Physician, Heal Thyself: Doctors and Clinicians Make New Year’s Resolutions, Too

Article ID: 666945

Released: 22-Dec-2016 1:05 PM EST

Source Newsroom: University of California, Los Angeles (UCLA), Health Sciences

  • Dr. Leena Nathan, obstetrician-gynecologist at UCLA Health-Westlake Village

  • Dr. Nina Shapiro, professor of head and neck surgery at the David Geffen School of Medicine at UCLA

  • Dr. Andrew Goldstein, assistant professor of molecular biology and member of UCLA’s Jonsson Comprehensive Cancer Center

  • Emanuel Maidenberg, professor of psychiatry and biobehavioral sciences at the David Geffen School of Medicine

  • Erin Morse, chief clinical dietitian at Ronald Reagan UCLA Medical Center

Newswise — We all make resolutions to be healthier in the New Year, but what resolutions do health professionals themselves make?

While mindfulness, disconnecting from technology, and fostering connection with loved ones are all popular, UCLA Health experts have a host of out-of-the-box resolutions for 2017.

Dr. Leena Nathan, obstetrician-gynecologist at UCLA Health-Westlake Village, says:

1. Spend more quality time talking with my husband instead of sitting on the couch on our computers after the kids go to bed.
2. Remember to hug and love my 12.5-year-old Labrador everyday -- this may be our last year together. He is always around but easy to forget with three little kids and a full-time job.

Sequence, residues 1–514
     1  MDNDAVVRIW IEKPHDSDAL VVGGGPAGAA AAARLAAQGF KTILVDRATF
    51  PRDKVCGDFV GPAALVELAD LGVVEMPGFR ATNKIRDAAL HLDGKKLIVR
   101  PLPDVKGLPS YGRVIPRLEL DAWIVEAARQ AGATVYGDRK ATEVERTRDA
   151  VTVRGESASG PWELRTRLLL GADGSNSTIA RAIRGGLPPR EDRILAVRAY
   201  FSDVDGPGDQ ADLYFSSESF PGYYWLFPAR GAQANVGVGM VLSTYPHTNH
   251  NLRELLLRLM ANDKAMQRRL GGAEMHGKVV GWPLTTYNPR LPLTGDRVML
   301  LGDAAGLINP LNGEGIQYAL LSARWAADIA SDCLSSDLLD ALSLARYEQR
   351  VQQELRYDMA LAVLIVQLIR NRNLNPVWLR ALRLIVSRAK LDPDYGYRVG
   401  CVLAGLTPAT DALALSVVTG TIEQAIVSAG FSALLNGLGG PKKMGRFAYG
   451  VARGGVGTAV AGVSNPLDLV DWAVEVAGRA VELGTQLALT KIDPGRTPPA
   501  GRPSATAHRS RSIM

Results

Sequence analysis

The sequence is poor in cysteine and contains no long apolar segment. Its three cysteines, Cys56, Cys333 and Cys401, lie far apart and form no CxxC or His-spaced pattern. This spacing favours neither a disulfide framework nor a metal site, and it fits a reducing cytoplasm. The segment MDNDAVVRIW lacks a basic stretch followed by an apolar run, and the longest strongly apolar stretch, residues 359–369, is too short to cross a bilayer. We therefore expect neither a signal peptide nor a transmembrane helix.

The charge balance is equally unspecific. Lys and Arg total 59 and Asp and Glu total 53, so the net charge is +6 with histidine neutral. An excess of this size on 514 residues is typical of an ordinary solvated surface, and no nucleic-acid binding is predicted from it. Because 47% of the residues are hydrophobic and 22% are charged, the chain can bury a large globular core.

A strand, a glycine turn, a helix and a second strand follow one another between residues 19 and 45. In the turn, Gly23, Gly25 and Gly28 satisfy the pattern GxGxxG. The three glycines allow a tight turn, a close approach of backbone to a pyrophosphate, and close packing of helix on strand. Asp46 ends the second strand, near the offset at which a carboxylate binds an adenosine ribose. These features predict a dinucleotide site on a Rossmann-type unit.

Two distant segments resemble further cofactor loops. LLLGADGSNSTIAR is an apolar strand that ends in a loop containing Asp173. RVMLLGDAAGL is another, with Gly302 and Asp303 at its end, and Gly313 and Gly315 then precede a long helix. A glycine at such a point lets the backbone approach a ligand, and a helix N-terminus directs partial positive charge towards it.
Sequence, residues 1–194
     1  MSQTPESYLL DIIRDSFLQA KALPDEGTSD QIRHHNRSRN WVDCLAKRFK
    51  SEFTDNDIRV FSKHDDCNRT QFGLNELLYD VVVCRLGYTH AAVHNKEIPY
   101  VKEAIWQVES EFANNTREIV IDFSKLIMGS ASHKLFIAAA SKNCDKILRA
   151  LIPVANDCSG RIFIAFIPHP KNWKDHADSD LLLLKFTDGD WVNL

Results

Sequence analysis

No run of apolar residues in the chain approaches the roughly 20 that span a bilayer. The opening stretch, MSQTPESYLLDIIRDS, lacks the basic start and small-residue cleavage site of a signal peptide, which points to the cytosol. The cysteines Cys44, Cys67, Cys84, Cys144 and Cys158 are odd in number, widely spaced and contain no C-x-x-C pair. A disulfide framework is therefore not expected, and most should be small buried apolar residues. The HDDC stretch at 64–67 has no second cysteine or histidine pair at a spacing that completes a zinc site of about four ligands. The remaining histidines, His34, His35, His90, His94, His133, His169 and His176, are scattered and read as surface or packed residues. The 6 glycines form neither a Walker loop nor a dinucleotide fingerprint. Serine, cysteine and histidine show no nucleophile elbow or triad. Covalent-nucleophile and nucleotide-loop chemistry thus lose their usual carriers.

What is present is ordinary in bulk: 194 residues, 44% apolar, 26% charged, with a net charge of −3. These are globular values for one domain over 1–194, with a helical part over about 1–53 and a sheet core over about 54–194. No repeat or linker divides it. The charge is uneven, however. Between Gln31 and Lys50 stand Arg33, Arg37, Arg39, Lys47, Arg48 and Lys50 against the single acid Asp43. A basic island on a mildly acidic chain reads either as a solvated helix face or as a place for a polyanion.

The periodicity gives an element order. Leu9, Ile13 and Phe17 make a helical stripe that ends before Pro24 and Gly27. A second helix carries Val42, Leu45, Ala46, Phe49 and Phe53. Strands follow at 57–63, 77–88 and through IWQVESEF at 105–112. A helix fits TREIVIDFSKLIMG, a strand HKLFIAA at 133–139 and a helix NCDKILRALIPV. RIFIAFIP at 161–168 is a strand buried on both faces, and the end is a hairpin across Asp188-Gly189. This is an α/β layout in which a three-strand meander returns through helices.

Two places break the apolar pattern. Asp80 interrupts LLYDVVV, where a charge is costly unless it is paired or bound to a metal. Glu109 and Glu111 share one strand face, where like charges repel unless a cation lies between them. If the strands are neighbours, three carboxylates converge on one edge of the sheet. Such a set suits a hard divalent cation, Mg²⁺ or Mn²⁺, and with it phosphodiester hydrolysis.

Dr. Nina Shapiro, professor of head and neck surgery at the David Geffen School of Medicine at UCLA, says:

1. Finish writing my book dispelling health myths.
2. Less screen time for me -- not just my kids.

Dr. Andrew Goldstein, assistant professor of molecular biology and member of UCLA’s Jonsson Comprehensive Cancer Center, says:

1. Call my parents and siblings more.
2. Meditate consistently.

Emanuel Maidenberg, clinical professor of psychiatry and biobehavioral sciences at the David Geffen School of Medicine, says:

1. Read 3-4 books that are not directly related to my profession.
2. Develop a new interest or a hobby.

Erin Morse, chief clinical dietitian at Ronald Reagan UCLA Medical Center, says:

1. Plan more meals for the week ahead of time so I'm not stressing out at the last minute. To be more specific: a) Plan my weekly meals on Sunday; b) Utilize my new erase board on my fridge with meal prep ideas and groceries that I need to buy; c) Buy as much produce as possible from the farmers’ market.
2. Try a new plant-based recipe every month.


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